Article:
- Data model
- Class hierarchy
- Class interaction diagrams
- User interface design / event management
- Database access / transactions
- Integration with neighboring systems
- Guidelines and naming conventions
- Migration concepts may be needed if transitioning from an older system.
- Functionality migration
- Data migration
- Test documents a a complete set of test cases and can make specification documents redundant.
- Use cases
- Test cases
- Test concept
- Usage documents describe how a system, module, or class can be used.
- Usage guidelines / concepts
- Operations documents describe how a system is to be operated.
- Operations guidelines
The author then says that these are well known from software engineering in general. While I appreciate that not everyone needs to reinvent the wheel, I think there would have been higher value in devoting an entire section to where and how to use these. The frustrating piece of how our tools interact today is that these are captured in systems that don’t communicate in a way that tells a coherent story and are hard to cross-reference, but that’s for another blog.
The Big Picture
The author has a great pattern talking about having a “big picture” document that I found valuable. Too often, we get mired in the details when looking at documentation, but the first thing we need as someone new on a project is an understanding of the big picture. That often falls to face to face interaction, and while there is value in face to face interaction, this will not help when someone needs to modify the project in five years. That interaction would be better served as a set of questions after getting an asynchronous introduction. Further, many of the technical debt issues we face in older code bases are trying to reconcile current usage with original intent, often called software archaelology. The big picture is the key detail missing from many of these efforts, as these are either lost in institutional knowledge or are filtered through later efforts, and these filters can make understanding original intent difficult.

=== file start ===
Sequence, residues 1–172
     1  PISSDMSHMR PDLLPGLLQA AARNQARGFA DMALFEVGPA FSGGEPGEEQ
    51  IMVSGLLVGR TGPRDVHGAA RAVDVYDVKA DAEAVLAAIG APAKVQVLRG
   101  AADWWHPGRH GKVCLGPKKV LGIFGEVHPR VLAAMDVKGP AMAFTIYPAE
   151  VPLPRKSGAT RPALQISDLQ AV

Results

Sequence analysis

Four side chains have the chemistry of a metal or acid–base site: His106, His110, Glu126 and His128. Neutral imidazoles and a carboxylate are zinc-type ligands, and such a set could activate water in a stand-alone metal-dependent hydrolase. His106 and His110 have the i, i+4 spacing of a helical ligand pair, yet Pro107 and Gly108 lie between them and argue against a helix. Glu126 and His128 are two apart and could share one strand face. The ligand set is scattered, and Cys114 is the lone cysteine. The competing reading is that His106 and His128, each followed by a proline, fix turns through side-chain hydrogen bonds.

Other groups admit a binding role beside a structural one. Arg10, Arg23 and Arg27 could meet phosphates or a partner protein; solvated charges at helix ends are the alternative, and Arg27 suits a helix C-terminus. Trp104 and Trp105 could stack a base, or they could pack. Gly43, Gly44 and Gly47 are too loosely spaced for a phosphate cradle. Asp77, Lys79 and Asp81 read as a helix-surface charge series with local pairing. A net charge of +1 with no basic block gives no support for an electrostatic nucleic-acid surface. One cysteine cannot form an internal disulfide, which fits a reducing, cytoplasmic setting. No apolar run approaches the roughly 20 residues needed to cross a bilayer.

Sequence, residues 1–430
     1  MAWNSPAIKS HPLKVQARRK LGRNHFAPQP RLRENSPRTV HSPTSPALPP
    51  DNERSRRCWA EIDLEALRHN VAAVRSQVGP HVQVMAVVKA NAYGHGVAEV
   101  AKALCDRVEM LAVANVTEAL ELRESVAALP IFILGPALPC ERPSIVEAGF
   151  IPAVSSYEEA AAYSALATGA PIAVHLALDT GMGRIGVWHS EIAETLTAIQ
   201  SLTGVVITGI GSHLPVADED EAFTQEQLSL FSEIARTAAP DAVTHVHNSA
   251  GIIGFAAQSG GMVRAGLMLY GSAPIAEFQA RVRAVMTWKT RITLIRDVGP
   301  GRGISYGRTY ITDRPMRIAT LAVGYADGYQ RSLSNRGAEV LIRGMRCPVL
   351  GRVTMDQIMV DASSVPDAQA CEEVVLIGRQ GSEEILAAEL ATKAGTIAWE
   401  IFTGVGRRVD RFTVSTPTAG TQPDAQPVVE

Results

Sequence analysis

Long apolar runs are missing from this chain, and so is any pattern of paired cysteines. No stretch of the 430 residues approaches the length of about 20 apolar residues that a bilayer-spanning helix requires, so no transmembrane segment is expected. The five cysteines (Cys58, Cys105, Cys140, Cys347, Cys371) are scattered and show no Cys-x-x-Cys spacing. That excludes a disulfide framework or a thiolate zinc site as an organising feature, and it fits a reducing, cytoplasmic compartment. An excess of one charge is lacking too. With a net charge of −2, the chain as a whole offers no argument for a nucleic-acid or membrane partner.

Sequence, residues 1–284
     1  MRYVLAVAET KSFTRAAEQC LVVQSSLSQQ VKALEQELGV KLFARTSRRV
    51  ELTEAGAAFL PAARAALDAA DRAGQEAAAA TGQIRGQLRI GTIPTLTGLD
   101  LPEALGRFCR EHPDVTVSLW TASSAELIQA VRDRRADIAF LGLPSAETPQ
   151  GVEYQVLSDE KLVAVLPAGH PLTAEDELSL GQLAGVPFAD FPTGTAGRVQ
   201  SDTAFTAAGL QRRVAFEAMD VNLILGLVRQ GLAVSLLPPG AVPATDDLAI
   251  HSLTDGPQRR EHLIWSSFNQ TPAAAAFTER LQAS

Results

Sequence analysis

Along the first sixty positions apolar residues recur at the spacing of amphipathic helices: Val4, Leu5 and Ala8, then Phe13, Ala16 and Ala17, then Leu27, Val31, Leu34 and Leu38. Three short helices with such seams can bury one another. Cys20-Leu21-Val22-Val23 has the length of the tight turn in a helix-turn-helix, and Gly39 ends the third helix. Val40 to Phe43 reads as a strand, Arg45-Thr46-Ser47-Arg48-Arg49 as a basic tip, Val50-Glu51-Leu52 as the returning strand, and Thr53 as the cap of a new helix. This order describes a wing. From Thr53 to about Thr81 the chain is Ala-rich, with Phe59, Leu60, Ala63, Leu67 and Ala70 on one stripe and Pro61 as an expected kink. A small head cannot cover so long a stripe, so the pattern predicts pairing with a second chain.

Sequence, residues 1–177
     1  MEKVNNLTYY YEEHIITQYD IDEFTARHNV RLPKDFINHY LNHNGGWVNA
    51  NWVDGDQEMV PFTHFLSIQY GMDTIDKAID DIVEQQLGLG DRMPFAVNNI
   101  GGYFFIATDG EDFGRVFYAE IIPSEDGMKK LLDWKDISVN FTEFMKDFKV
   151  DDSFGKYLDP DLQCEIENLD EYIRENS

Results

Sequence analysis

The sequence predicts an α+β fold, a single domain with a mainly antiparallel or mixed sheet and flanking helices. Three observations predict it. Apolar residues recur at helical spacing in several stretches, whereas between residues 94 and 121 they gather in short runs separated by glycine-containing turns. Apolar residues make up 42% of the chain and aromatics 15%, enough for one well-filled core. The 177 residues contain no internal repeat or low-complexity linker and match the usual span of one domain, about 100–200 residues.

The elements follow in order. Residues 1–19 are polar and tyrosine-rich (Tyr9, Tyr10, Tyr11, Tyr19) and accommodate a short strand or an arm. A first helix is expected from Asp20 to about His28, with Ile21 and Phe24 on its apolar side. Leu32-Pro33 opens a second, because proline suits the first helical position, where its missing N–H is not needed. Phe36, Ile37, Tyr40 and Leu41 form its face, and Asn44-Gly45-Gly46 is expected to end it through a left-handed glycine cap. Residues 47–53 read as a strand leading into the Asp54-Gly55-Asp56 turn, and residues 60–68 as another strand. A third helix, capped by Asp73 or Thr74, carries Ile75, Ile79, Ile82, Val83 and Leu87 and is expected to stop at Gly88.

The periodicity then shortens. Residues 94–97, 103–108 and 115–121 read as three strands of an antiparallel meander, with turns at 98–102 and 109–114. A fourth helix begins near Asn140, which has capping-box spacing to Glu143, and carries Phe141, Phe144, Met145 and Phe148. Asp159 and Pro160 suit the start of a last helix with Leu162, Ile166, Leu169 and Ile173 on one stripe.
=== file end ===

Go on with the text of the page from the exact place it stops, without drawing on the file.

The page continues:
Organizing project documentation.
While the author has much to say about the rule of 7 - that you should limit your number of sections and sub-sections to 7 +/- 2 in order to enhance understanding and to have sequential yet well structured text, I think these are both obvious and vague. Instead, I am drawn to something from an experience report. Too often, our documentation is a wall of text. Instead, we can have a short summary, a diagram, and details with enumeration broken up by whitespace. While I cannot link (as I don’t think this is quite fair use), I think DVC has a good example from end user documentation in their agenda section. It has a simple summary, a diagram that explains the steps concisely, and the rest of the usage document is well spaced and easy to read. This is a great example of what many of our onboarding documents could look like. (I have never used DVC, but I admire its documentation from first glance.)
However, I have seen many examples of entirely unstructured wikis. If we can think through a portfolio and align our wikis to read more as full fledged documents than semi-organized snippets, I think we can improve the efficacy of our documentation with only a small bit of effort. What, then, do we do with all of those pieces of valuable information that defy organization? I think there is value in separating that out into a “junk drawer” of the project so that the valuable portions of the wiki can be more pronounced.
I wouldn’t recommend this book to most people in 2020 unless they are in a deep dive of trying to reform documentation. However, I have yet to find the right book as a guide, and there is value at looking through older efforts to think through this difficult problem. I think that there were some valuable takeaways, and its list of documentation types is still relevant in determining how we should define our documentation portfolio through the phases of the project.